2 tablespoons olive oil, plus extra for drizzling
1 medium onion, chopped
2 carrots, peeled and chopped
2 celery stalks, chopped
2 garlic cloves, chopped
Salt and freshly ground black pepper
1 (14 1/2-ounce) can diced tomatoes
1 pound lentils (approximately 1 1/4 cups)
11 cups low-salt chicken broth
4 to 6 fresh thyme sprigs
2/3 cup dried elbow pasta
1 cup shredded Parmesan

Get the directions here.

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Better colonoscopy prep in the works

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Colonoscopy is by far the best way to detect and prevent digestive issues such as colon cancer.

Oh, the colonoscopy. Although it’s the most effective way to detect and thereby prevent colon cancer and other digestive issues, some people are still reluctant to commit to the procedure. Ask just about anyone who’s endured the quick and painless process, and they’ll tell you that the prep is the most difficult part.

Reports the Chicago Tribune: “Data suggest that about 40 percent of the people who should get a colonoscopy don’t, mostly because of the prep,” says Douglas Rex, a distinguished professor of medicine at Indiana University School of Medicine.

A typical colonoscopy involves drinking lots and lots of not-so-tasty liquids followed by lots and lots of trips to the toilet. Nothing is going to change in the toilet department, but the liquids are getting a face lift.

Researchers are experimenting with flavored shakes and bars such as strawberry banana or coconut that have the same effect as the historically dreaded liquid.

“Those drinking the new products were twice as likely as those who used the standard prep solution to be satisfied and four times as likely to recommend it,” says the Tribune.

The products should be available to patients in about two years.

The entire goal of these new prep methods is to get more people to commit to a colonoscopy, as it’s undoubtedly the number one way to detect and prevent cancer, tumors, polyps and other intestinal abnormalities.

“The easier you make it for people, the more you can improve their adherence,” says Susan Czajkowski, chief of the health behaviors research branch of the National Cancer Institute.

“The perfect screen has no value if it isn’t used.”

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Colon cancer rates on the rise in young people

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Listen to your body and be honest with your doctor. Early screening can detect and prevent complications from colon cancer.

As we continue through Colon Cancer Awareness month, our goal is to increase the conversations people have about the disease. Knowing that screenings are by far the most effective way to detect colon cancer early can even work to prevent it altogether.

An unfortunate trend in the fight against colon cancer is a spike in the amount of young people diagnosed. Formerly considered a disease reserved for older men, this new uptick in folks under 40 is disturbing but also mostly unexplained.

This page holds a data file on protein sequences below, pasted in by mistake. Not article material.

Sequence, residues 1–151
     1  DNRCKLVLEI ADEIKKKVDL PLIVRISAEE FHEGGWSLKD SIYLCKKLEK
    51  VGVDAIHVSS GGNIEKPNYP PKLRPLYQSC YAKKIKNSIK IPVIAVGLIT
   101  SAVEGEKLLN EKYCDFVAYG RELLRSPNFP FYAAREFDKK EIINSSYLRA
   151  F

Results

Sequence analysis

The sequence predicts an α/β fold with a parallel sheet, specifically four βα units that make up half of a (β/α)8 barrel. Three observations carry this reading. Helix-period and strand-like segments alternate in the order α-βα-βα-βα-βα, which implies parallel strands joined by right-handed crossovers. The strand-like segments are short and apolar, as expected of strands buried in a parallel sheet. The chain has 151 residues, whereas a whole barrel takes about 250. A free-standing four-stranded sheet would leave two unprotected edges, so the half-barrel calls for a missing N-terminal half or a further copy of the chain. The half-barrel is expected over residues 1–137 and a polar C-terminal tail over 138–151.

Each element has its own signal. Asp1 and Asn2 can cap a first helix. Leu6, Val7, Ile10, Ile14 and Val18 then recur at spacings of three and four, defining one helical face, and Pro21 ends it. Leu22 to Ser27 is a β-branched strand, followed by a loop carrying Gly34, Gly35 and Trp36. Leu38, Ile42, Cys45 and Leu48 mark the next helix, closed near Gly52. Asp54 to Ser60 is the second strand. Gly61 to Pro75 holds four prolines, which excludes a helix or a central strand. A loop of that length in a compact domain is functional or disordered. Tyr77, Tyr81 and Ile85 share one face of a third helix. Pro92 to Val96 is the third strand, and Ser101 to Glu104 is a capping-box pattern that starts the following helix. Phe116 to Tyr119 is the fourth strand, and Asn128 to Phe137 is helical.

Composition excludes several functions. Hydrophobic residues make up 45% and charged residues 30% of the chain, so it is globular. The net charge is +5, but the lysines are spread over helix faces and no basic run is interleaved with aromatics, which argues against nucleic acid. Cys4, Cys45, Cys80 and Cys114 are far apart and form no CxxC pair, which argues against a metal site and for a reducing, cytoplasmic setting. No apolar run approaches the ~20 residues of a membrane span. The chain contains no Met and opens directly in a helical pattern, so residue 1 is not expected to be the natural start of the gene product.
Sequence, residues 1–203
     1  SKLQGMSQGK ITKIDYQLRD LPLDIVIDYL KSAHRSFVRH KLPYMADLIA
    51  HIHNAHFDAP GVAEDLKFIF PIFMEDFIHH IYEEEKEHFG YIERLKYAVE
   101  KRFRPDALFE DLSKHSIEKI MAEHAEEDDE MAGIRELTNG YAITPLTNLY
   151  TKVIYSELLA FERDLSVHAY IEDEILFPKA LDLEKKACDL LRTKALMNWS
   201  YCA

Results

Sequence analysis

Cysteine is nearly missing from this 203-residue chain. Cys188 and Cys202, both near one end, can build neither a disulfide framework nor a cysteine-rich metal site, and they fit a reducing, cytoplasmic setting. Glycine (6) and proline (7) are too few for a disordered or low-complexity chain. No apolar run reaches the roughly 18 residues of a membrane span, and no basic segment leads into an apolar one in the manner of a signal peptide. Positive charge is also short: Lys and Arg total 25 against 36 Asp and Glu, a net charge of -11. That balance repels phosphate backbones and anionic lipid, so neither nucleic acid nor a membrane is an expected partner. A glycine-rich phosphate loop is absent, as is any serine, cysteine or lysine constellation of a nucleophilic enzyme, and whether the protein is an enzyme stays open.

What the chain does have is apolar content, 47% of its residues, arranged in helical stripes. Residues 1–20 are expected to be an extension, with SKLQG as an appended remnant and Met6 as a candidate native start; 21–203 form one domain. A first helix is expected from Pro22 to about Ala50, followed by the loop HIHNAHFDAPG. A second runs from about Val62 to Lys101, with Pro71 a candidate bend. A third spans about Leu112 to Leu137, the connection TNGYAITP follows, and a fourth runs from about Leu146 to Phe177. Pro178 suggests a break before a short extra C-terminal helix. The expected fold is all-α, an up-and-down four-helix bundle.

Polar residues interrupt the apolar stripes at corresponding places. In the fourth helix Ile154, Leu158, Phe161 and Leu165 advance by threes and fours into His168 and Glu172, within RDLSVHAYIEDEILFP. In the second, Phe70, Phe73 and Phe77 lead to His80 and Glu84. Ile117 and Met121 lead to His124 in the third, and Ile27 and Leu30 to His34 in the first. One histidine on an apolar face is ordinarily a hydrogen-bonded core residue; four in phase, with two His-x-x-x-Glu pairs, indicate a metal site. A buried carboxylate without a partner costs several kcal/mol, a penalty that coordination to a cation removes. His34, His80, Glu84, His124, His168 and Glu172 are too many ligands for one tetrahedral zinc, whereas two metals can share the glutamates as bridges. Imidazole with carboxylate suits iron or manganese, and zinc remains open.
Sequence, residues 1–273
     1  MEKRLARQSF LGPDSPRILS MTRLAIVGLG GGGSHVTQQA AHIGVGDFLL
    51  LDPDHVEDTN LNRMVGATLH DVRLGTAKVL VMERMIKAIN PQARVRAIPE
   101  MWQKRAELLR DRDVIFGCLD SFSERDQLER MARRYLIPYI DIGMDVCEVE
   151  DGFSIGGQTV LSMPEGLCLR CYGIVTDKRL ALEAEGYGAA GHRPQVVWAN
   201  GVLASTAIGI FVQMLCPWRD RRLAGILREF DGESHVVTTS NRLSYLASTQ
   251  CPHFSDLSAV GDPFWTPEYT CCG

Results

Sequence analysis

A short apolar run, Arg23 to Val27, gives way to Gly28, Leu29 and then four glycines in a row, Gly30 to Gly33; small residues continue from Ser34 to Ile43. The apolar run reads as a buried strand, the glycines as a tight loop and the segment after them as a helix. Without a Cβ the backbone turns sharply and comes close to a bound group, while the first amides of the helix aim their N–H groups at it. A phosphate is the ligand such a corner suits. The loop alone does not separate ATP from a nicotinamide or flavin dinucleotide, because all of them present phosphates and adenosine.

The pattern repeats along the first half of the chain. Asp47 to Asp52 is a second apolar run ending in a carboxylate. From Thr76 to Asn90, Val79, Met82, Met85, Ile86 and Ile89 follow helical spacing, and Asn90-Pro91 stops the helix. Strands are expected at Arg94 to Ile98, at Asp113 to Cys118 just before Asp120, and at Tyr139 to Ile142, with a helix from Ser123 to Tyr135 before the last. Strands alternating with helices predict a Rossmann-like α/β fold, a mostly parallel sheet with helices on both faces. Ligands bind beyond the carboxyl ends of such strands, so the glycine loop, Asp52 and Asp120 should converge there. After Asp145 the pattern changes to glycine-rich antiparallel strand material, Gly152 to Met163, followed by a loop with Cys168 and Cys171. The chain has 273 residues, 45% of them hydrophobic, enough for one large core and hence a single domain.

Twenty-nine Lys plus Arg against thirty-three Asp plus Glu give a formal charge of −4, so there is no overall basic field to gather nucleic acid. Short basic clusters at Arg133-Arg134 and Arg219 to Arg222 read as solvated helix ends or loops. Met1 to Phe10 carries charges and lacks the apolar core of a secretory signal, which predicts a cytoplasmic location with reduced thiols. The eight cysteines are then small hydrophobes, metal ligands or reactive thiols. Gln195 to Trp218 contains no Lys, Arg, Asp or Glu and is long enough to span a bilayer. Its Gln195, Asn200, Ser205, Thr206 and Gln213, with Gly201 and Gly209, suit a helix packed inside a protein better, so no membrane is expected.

“People born in 1990 have twice the risk of colon cancer and four times the risk of rectal cancer as people born in 1950 faced at the same age,” says CBS New York.

For people of an average risk, the standard age to begin screening for colon cancer is 50. The only problem with that guideline is that younger folks are getting missed, often until it’s too late.

While the medical community struggles to pinpoint the cause of the surge, many speculate that changes in lifestyle and diet are to blame.

“Prime suspects include obesity, inactivity and poor diets,” said researchers from the American Cancer Society.

In other words, the behaviors we know are bad for us, and cause health issues across the board, are the likely culprit in the uptick in colon cancer.

While the statistics are alarming, the overall rates of colon cancer in younger people is still low. But that doesn’t mean there’s no lesson in this – be your own health advocate. Listen to your body and work with your doctor to pinpoint when something is wrong.

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March Madness for Colon Cancer Awareness

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The staff of Troy Gastroenterology, Center for Digestive Health, showing their support for Colon Cancer Awareness Month by dressing in blue on March 3.

Every March, the Colon Cancer Alliance celebrates Colon Cancer Awareness month, to push for more support, research and recognition of the struggle the disease incurs.

We lose more than 50,000 Americans every year to colon cancer, with more and more young people turning up with the disease.

“Colon cancer is the third most commonly diagnosed cancer and the second leading cause of cancer death in men and women combined in the United States,” says the CCA.